News Jun 23, 2016 by Mac Christie Flamborough Review

Next fall, the gardens at Our Lady of Mount Carmel Catholic Elementary School will look a bit different from a standard garden – the beds will be stocked with native, water conserving plants.

The planting project, said OLMC principal Angela Wintar, was instituted in response to the water usage and supply issues plaguing the Carlisle community.

Wintar noted the Hamilton-Wentworth Catholic District School Board’s Religion and Family Life program leader Dr. Paul Beaudette originally broached the project to her.

She noted the city had reached out to Beaudette as a result of the water issues.

"Our hope is we can create a demand for these types of plants.”

“They really felt that the way to reach the parents was through educating the kids,” she said. “So would we be willing to be a pilot school for this? I said, ‘For sure.’”

Chris Wilson, the customer service and community outreach project manager for Hamilton Water, said the school initiative is part of the overall conservation program in Carlisle. “We have a lot of people coming in and out of the school, kind of a community centre, and it’s a great opportunity for people to look, touch, feel and smell some of these native plants,” he explained.

Wintar said the project is meant to utilize the school’s garden spaces as demonstration gardens for drought tolerant plants and species, as well as alternatives to grass, such as eco grass or groundcover. The plants will be labeled to explain each species.

The gardens will be planted in the fall because the new plants would be hard to maintain over the summer vacation when no one is at the school. “We’re going to start from scratch in September,” Wintar said.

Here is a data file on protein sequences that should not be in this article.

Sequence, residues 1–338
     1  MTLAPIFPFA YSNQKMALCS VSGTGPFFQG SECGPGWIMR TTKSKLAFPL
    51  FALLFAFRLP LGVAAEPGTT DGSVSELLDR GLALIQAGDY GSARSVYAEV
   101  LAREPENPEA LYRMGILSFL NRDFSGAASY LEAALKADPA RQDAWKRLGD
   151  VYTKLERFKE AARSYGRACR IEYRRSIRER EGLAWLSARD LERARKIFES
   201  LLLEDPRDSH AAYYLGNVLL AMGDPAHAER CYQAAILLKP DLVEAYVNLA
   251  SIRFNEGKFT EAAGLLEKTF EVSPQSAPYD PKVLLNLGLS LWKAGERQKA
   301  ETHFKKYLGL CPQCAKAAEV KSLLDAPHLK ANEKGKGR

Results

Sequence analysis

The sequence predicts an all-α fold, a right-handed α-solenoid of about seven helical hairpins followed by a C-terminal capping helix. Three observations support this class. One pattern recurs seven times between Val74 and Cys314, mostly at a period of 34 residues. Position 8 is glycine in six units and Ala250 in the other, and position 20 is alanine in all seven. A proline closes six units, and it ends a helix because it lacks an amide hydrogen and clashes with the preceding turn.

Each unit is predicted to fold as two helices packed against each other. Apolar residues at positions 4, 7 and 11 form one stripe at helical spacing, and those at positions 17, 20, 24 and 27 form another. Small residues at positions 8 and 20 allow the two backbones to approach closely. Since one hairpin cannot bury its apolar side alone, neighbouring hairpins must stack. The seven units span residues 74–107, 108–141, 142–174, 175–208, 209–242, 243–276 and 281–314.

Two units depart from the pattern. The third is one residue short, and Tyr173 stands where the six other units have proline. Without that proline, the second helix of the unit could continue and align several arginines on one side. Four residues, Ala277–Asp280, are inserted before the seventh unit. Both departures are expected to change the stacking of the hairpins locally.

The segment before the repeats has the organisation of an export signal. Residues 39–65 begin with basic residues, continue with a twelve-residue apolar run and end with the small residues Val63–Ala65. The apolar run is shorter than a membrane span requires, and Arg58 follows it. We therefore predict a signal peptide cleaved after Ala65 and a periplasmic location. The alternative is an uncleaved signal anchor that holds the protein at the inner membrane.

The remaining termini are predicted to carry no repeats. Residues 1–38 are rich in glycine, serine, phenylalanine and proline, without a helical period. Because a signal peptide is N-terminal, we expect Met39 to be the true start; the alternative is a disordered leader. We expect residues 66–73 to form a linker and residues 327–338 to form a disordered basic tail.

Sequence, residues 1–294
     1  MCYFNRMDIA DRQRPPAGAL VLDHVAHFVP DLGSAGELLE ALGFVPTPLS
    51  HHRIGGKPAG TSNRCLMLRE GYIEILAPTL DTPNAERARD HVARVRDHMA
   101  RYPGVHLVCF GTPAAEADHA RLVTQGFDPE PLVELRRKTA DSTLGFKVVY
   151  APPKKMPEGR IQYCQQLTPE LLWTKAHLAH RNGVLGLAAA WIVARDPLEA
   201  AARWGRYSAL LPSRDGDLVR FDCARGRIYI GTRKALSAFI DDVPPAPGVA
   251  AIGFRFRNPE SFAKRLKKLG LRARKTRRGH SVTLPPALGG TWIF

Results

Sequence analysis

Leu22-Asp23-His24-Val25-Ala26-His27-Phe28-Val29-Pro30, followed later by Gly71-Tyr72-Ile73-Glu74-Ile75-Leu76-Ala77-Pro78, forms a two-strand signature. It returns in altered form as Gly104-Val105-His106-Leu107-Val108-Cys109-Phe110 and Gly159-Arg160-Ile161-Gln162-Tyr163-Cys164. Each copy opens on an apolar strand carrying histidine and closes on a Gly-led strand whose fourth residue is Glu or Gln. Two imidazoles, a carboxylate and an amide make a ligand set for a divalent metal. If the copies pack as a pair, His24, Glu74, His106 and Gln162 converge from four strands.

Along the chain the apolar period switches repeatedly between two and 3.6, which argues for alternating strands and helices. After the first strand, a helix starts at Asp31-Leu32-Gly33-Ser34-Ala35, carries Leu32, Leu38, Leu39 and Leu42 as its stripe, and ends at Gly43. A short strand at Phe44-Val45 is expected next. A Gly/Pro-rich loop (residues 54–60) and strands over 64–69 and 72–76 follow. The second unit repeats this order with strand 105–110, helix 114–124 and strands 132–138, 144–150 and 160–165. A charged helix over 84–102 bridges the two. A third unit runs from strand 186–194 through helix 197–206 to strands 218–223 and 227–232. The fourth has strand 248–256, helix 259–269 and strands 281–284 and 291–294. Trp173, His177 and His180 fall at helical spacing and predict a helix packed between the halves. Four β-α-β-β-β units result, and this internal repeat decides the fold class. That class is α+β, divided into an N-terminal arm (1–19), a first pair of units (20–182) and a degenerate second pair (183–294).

The gardens on each side of the main entrance to the school will be replanted with a variety of plants that are native to the area. These include grasses and ground covers, as well burning bushes, green pillar pin oak, Canadian Serviceberry, hostas and butterfly bush groupings.

Four smaller garden plots will be replanted as fusion gardens – gardens that only use plants found naturally in southern Ontario. These were designed by students as part of a school-wide contest, with the four winning designs – chosen from 70 submissions – being planted in the fall.

Students were given a list of natural plants and had to draw a rendering of their proposed garden, as well as a rationale for why they chose the plants that they did. The students who submitted the winning designs were Grade 8 student Ashley Zanatta, senior kindergarten student Kaleb Rampersad, Grade 5 pupil Alana King and siblings Dylan and Olivia MacLean, in Grade 2 and 1 respectively.

King noted she was excited about the project. “I like the prairie smoke,” she said of the pink coloured wildflower. “I put it at the back of the garden because it’s the tallest.”

Wintar noted Rob Richarz, the city’s project manager of outreach and education, spoke to the students about water usage at a May assembly and initiated the design contest.

“How much water we use, how much water it takes when you leave the tap running when you’re brushing your teeth – that sort of thing,” she said of the talk. “Then he talked about why we need to save water.”

Each student-deisgned plot will be adorned with a sign in their own writing and their divisions will be responsible for planting and maintaining it.

Wintar noted one of the challenges facing the project is that many of the naturally occurring plants are not available at area garden centres. Andrew Bryl, a Grade 7 teacher at the school, is the school’s eco rep and a member of the Catholic School Council’s Greening Committee. He said the garden will promote the different kinds of plants.

“It will be like a showcase for the community and show parents the possibilities,” he said. “Our hope is we can create a demand for these types of plants.”

Next year, the school plans to include more formal education related to the project, such as water usage and the role of shade trees.

Wintar said including more of an educational component next year dovetails nicely, as the students will be able to see the physical gardens at that point.

Wintar added there has been a lot of parent buy-in to the idea.

“Kids are the ones who make the difference,” she said. “They’re the ones who go home with the information and parents buy into it.”

Carlisle students plant ideas for natural space